IC design for reliability

Zhang, Bin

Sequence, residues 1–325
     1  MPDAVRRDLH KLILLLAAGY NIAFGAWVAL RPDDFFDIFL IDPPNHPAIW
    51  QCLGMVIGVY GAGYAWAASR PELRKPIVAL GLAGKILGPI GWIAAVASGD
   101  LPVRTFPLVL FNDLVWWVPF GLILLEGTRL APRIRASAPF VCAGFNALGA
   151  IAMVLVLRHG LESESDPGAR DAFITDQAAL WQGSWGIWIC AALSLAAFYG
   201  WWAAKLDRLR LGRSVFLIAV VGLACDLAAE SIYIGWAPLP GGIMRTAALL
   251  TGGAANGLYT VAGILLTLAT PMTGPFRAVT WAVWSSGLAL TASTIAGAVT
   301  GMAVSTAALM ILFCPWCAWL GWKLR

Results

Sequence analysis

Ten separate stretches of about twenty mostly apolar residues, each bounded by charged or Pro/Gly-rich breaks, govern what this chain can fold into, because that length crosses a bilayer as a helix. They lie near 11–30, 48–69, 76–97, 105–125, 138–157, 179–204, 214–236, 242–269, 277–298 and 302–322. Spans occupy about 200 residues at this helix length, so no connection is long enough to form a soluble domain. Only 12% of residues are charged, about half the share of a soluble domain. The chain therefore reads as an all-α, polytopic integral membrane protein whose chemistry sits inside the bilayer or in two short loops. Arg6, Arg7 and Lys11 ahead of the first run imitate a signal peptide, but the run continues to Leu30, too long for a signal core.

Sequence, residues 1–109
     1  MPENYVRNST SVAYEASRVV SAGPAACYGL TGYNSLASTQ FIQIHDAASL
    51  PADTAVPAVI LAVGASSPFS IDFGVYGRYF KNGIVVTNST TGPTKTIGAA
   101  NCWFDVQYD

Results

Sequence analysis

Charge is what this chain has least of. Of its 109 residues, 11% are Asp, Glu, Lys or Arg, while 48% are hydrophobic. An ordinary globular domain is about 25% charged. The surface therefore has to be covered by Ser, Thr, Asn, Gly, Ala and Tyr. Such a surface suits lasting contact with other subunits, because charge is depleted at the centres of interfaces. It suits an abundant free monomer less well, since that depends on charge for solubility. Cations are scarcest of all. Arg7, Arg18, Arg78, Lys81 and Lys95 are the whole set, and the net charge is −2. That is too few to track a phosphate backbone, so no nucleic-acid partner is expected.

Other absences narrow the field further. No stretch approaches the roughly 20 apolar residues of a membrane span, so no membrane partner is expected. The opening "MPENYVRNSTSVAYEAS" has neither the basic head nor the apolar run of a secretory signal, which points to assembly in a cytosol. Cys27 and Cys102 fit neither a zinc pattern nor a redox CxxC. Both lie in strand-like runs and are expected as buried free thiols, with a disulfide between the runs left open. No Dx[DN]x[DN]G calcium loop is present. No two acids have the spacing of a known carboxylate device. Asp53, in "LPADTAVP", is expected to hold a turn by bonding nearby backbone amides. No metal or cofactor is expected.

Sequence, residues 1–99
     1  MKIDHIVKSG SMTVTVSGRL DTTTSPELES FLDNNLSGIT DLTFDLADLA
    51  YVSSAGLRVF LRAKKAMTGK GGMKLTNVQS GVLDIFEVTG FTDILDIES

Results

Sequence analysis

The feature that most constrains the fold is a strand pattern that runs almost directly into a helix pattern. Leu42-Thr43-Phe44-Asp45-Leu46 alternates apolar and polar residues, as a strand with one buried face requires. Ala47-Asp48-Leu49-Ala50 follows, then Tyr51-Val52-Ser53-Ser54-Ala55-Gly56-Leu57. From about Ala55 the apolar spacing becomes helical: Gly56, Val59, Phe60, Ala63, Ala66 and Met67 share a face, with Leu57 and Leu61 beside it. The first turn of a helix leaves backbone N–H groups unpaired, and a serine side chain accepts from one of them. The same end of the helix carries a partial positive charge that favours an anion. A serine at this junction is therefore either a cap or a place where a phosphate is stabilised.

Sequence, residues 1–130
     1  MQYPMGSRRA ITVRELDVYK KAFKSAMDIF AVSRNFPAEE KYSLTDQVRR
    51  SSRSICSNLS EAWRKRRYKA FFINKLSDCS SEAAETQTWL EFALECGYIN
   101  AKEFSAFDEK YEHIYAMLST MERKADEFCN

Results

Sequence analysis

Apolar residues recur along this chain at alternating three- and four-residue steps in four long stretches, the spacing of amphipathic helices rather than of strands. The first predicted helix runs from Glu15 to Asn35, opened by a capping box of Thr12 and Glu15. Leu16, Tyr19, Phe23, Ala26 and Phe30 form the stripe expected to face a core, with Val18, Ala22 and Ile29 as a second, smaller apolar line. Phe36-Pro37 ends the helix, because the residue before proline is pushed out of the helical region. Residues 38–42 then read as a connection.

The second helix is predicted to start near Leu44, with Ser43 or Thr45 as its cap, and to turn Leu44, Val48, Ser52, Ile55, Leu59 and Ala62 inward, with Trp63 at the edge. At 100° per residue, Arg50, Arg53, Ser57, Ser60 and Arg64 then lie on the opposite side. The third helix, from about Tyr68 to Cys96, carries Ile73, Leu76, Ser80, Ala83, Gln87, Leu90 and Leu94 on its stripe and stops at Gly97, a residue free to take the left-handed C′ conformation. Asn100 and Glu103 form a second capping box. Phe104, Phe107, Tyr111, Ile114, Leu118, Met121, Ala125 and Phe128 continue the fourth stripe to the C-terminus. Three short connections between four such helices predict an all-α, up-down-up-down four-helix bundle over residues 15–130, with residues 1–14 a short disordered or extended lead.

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As the feature size of integrated circuits goes down to the nanometer scale, transient and permanent reliability issues are becoming a significant concern for circuit designers. Traditionally, the reliability issues were mostly handled at the device level as a device engineering problem. However, the increasing severity of reliability challenges and higher error rates due to transient upsets favor higher-level design for reliability (DFR). In this work, we develop several methods for DFR at the circuit level. A major source of transient errors is the single event upset (SEU). SEUs are caused by high-energy particles present in the cosmic rays or emitted by radioactive contaminants in the chip packaging materials. When these particles hit a N+/P+ depletion region of an MOS transistor, they may generate a temporary logic fault. Depending on where the MOS transistor is located and what state the circuit is at, an SEU may result in a circuit-level error. We analyze SEUs both in combinational logic and memories (SRAM). For combinational logic circuit, we propose FASER, a Fast Analysis tool of Soft ERror susceptibility for cell-based designs. The efficiency of FASER is achieved through its static and vector-less nature. In order to evaluate the impact of SEU on SRAM, a theory for estimating dynamic noise margins is developed analytically. The results allow predicting the transient error susceptibility of an SRAM cell using a closedform expression. Among the many permanent failure mechanisms that include time-dependent oxide breakdown (TDDB), electro-migration (EM), hot carrier effect (HCE), and negative bias temperature instability (NBTI), NBTI has recently become important. Therefore, the main focus of our work is NBTI. NBTI occurs when the gate of PMOS is negatively biased. The voltage stress across the gate generates interface traps, which degrade the threshold voltage of PMOS. The degraded PMOS may eventually fail to meet timing requirement and cause functional errors. NBTI becomes severe at elevated temperatures. In this dissertation, we propose a NBTI degradation model that takes into account the temperature variation on the chip and gives the accurate estimation of the degraded threshold voltage. In order to account for the degradation of devices, traditional design methods add guard-bands to ensure that the circuit will function properly during its lifetime. However, the worst-case based guard-bands lead to significant penalty in performance. In this dissertation, we propose an effective macromodel-based reliability tracking and management framework, based on a hybrid network of on-chip sensors, consisting of temperature sensors and ring oscillators. The model is concerned specifically with NBTIinduced transistor aging. The key feature of our work, in contrast to the traditional tracking techniques that rely solely on direct measurement of the increase of threshold voltage or circuit delay, is an explicit macromodel which maps operating temperature to circuit degradation (the increase of circuit delay). The macromodel allows for costeffective tracking of reliability using temperature sensors and is also essential for enabling the control loop of the reliability management system. The developed methods improve the over-conservatism of the device-level, worstcase reliability estimation techniques. As the severity of reliability challenges continue to grow with technology scaling, it will become more important for circuit designers/CAD tools to be equipped with the developed methods.